LNG Shipping Rates Make Europe a LNG Hot Spot Right Now
Forget Asian hunger for energy or where liquefied natural gas costs the most, at the moment it’s all about tanker rates.
Northwest Europe has seen a boom in LNG imports this month, with cargoes arriving from atypical sources including Peru and Egypt, while the U.S. and Russia are also sending tankers into the most liquid gas market outside of North America. That’s come as shipping rates have climbed to near records while the premium Asia pays for fuel has barely changed.
“We focus on the commodity price, but that spread has closed, and because the shipping rates are up, the spread is even lower,” said Jean-Christian Heintz, founder and director of adviser Wideangle LNG in Lugano, Switzerland. “All eyes are on shipping optimization. Shipping optimization becomes even more important than the commodity price.”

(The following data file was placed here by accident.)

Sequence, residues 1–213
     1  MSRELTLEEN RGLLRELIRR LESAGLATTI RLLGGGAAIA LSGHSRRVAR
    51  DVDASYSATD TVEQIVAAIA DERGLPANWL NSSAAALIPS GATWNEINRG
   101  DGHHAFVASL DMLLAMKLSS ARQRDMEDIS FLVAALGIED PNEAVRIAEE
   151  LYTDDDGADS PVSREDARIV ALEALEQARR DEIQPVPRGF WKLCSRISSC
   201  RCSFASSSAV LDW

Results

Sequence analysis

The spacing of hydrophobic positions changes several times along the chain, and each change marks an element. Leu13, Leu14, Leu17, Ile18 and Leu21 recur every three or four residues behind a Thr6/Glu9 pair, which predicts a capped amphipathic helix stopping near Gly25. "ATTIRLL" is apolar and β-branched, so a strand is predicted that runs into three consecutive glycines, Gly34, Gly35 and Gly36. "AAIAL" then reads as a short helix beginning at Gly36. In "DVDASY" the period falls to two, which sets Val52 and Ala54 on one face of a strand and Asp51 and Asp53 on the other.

Here’s how it works. If you are a major LNG trader such as Royal Dutch Shell Plc, BP Plc or Total SA with many tankers and multiple supply options, you can make money from shipping to the nearest market and freeing up vessels to charter out. With shipping rates near $150,000 a day, meeting a 10-day voyage requirement in the market would earn about $1.5 million.
“If I am a BP or Shell and I have a large fleet, I will try to have my fleet less busy and deliver more locally so I can free up one of my vessels for sub-chartering for longer voyages,” Heintz said.
Russia’s Yamal LNG plant exemplifies the trend. That Siberian LNG is increasingly staying in northwest Europe, a reversal of the situation seen during the past year, when most of the fuel was transferred from specialized ice-breaking vessels onto cheaper-to-operate conventional tankers to capture higher prices in Asia and South America....MORE